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In-patient COVID-19 case average up for Lee County

By Staff | Jun 9, 2020

Health officials on June 3 told of a “new normal” in Lee County when it comes to COVID-19 cases.

Lee Health President Dr. Larry Antonucci said the average number of positive coronavirus patients in the system’s care has continued to hold at a higher threshold than in previous weeks. While it was housing an average of roughly 80 positive cases each day, that number has grown to “100 to 110 on average,” he said.

As of June 3, Lee Health had 118 patients in its care. On June 2, it had 117. On June 1, it had 107 positive cases in its care.

“Over the last two weeks we have seen a higher number of patients hospitalized with COVID-19,” Antonucci said. “(The rise in cases) was expected as our region slowly and safely reopens. We still have a flattened curve, but we have more people under the curve than we had before.”

Keep in mind the number Lee Health reports nearly each day is its current number of positive patients in facilities at the time of the report. Patients continue to get discharged on a daily basis, and more keep coming in, keeping that average higher than in recent weeks.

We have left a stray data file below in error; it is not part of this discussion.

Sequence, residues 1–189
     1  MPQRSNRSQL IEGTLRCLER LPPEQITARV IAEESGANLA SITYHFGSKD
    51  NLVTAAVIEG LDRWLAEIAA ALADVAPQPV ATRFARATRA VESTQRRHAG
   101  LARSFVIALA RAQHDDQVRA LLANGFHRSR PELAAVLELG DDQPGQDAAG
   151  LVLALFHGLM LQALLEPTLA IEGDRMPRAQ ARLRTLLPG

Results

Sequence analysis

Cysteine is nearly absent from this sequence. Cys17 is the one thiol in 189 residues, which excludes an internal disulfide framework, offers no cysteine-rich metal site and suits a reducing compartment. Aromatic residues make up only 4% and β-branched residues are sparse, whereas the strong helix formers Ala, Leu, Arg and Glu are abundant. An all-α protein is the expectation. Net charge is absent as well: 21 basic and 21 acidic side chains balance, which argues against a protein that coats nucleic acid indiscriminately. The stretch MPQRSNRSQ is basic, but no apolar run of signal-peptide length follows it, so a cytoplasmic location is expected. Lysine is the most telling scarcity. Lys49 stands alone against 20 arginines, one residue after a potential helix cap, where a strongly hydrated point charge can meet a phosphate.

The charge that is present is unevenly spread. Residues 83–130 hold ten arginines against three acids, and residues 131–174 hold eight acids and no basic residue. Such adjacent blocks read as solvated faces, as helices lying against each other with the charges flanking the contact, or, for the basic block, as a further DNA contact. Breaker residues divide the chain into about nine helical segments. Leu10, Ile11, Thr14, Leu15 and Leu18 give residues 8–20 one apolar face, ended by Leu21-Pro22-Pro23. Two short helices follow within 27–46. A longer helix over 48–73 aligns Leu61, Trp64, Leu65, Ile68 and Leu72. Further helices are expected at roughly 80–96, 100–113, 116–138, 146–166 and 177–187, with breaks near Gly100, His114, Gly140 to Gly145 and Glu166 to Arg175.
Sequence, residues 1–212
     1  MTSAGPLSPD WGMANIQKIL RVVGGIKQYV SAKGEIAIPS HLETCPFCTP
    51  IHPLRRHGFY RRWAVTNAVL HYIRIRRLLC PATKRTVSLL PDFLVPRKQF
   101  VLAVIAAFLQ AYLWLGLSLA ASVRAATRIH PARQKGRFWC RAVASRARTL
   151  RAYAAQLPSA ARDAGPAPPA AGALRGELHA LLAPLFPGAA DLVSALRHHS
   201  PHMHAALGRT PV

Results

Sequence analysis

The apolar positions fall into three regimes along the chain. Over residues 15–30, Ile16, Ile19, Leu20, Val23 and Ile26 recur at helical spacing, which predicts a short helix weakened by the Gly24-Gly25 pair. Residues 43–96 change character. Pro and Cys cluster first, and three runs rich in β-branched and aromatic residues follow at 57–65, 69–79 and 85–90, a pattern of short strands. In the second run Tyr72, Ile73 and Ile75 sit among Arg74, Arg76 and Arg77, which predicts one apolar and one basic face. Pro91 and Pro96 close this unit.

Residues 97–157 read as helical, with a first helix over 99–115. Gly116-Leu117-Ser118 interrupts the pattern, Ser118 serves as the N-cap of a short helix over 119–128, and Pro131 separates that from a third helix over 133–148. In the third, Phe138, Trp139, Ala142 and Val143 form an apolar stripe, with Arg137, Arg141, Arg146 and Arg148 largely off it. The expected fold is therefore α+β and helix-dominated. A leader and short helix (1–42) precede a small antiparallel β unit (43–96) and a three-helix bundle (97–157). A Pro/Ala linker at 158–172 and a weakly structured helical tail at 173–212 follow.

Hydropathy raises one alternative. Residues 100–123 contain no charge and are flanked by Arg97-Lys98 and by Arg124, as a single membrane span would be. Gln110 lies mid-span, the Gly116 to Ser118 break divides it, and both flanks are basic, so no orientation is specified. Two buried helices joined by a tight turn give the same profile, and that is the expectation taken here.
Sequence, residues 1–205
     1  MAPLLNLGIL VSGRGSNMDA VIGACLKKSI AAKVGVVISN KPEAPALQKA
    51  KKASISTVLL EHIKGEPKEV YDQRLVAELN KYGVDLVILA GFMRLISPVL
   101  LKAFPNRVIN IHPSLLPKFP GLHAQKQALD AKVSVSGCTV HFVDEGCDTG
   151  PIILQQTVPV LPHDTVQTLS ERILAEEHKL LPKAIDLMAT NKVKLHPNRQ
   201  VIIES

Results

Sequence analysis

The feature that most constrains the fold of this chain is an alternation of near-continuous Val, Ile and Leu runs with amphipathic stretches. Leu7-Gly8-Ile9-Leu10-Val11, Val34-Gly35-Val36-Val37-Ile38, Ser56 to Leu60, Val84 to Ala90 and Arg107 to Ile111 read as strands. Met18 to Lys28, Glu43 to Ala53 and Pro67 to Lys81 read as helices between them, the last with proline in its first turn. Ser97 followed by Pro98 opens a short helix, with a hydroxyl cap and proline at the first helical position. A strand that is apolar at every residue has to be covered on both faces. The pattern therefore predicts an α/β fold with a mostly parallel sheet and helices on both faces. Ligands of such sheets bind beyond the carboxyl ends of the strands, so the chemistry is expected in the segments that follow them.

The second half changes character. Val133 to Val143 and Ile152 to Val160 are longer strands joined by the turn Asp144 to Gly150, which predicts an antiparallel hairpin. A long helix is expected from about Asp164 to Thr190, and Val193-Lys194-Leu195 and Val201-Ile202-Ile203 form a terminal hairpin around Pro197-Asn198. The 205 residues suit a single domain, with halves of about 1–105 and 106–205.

While it is a growth in cases, Antonucci said he is thankful the spike has not been greater.

“We evaluate our COVID-19 situation daily, and the trends show that while we are seeing the rise in cases we expected, reopening beaches, restaurants and other businesses has not led to exponential growth of the virus, or a second wave,” he said. “While this does not guarantee what will happen in the future, these statistics show that physical distancing and masking efforts are working and keeping people safe as they leave their homes and mingle with others in the community.”

In addition, Antonucci said Lee Health has maintained its patient census between 70 percent to 80 percent capacity and “continue to have enough ventilators and intensive care beds to meet the health care needs of the community.”

“It is not yet known how long coronavirus will continue to circulate through our population, but we do know this new normal is likely to stay with us for the foreseeable future,” he said. “I am so proud of the flexibility our community has shown in adapting to this new way of living that is saving lives and maintaining the flattened curve that allows health care systems to continue to provide care for those who need it.”